According to one local legend, the Honey Island Swamp Monster was once a human child who was abandoned in the area by its parents and raised by alligators in the uncharted regions of the swamp.
The Downriver Festival features live music, cooking demonstrations, panel discussions and more. The festival's 2016 theme is "Oysters and the Future of Our Coast," and panel discussions at the Old U.S. Mint address the oyster industry, coastal restoration and culinary topics. Bruce "Sunpie" Barnes (pictured) & Louisiana Sunspots, Fredy Omar con Su Banda, Honey Island Swamp Band and others perform at a stage at the Mint. There are cooking and oyster shucking demonstrations by chefs Kevin Belton and Jason Klutts and others at the French Market. Walking tours of Crescent Park, depart at noon, 2 p.m. and 4 p.m. from the Mint's first-floor gift shop. Free admission.
|Similar creatures||Skunk ape|
|Region||Honey Island Swamp, Louisiana|
|Habitat||Marshland / Swamp|
As night fell, they saw yellow eyes, set wide apart, watching them from the trees. The husband took a gun and went out into the woods. He was shocked when he came face to face with a creature that looked like an ape, about seven feet tall. He shot at it, but the creature fled into the night. When he returned to the campsite and described the strange beast to his wife, she told him he had just encountered the Honey Island swamp monster.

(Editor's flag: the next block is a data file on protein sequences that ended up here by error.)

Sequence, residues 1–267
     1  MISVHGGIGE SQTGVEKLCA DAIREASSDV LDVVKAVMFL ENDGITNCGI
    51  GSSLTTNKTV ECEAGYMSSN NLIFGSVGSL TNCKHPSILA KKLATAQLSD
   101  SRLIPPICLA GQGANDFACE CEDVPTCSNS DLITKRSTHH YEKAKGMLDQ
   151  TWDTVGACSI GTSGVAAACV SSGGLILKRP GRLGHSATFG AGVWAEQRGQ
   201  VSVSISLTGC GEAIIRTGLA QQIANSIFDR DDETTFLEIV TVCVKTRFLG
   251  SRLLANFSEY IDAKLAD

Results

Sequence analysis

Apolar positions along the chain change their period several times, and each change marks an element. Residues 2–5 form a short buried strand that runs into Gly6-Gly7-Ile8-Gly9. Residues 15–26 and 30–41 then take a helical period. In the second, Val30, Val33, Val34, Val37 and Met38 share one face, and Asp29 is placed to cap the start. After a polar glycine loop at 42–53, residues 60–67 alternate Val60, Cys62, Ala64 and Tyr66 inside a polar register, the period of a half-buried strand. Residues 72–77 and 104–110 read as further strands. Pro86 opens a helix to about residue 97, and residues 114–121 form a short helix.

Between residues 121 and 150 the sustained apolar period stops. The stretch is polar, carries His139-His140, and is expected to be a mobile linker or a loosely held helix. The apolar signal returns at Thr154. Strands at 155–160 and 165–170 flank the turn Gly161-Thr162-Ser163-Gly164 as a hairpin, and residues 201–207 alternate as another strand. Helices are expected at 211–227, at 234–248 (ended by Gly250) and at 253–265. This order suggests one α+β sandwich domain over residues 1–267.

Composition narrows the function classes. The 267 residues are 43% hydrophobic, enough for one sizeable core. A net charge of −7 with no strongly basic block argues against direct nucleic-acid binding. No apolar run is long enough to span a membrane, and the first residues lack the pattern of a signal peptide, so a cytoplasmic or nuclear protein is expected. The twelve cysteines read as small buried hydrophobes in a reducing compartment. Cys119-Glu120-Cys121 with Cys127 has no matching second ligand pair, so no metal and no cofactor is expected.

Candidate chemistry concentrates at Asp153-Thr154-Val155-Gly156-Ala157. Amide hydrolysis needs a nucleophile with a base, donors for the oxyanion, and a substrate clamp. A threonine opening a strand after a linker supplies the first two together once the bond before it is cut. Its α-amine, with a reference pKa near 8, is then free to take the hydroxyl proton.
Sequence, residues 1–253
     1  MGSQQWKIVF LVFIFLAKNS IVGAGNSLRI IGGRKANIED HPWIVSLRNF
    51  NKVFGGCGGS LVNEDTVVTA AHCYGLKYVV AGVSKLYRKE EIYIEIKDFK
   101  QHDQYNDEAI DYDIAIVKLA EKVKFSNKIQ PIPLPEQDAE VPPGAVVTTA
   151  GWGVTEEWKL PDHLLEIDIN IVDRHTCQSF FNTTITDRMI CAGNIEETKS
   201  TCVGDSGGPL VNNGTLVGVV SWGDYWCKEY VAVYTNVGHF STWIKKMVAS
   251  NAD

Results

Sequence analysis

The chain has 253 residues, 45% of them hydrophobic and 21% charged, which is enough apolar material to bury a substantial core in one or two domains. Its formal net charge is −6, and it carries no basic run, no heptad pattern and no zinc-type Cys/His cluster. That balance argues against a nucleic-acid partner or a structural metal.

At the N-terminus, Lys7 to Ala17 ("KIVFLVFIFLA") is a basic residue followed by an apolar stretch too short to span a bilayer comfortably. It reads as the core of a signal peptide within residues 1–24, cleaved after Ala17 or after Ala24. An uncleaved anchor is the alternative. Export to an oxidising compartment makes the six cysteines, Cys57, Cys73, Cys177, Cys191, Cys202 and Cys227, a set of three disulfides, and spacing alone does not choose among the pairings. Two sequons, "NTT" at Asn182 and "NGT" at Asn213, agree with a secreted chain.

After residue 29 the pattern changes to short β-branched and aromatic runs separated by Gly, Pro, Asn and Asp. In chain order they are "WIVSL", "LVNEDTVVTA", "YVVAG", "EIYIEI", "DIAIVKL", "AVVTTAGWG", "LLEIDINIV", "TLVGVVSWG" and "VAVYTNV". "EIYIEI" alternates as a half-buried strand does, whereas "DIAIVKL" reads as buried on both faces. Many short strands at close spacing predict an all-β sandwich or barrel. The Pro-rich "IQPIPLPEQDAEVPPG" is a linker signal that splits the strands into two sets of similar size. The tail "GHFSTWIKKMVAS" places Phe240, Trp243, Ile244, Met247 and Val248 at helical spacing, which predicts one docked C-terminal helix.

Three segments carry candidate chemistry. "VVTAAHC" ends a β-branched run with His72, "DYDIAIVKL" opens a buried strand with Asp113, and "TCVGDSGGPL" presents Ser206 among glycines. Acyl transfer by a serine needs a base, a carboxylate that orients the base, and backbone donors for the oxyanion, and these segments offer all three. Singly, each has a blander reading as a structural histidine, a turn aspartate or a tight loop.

A few months before I arrived in Louisiana, two loggers, Earl Whitstine and Carl Dubois, reported sighting a hairy man-beast in a cypress swamp called Boggy Bayou in the central part of the state. Giant four-toed tracks and hair samples were discovered at the site, and soon others came forward to say they too had seen a similar creature. However, there were grounds for suspicion: twenty-five years earlier (i.e., not long after the 1974 Honey Island Swamp Monster reports), Whitstine’s father and some friends had sawed giant foot shapes from plywood and produced fake monster tracks in the woods of a nearby parish.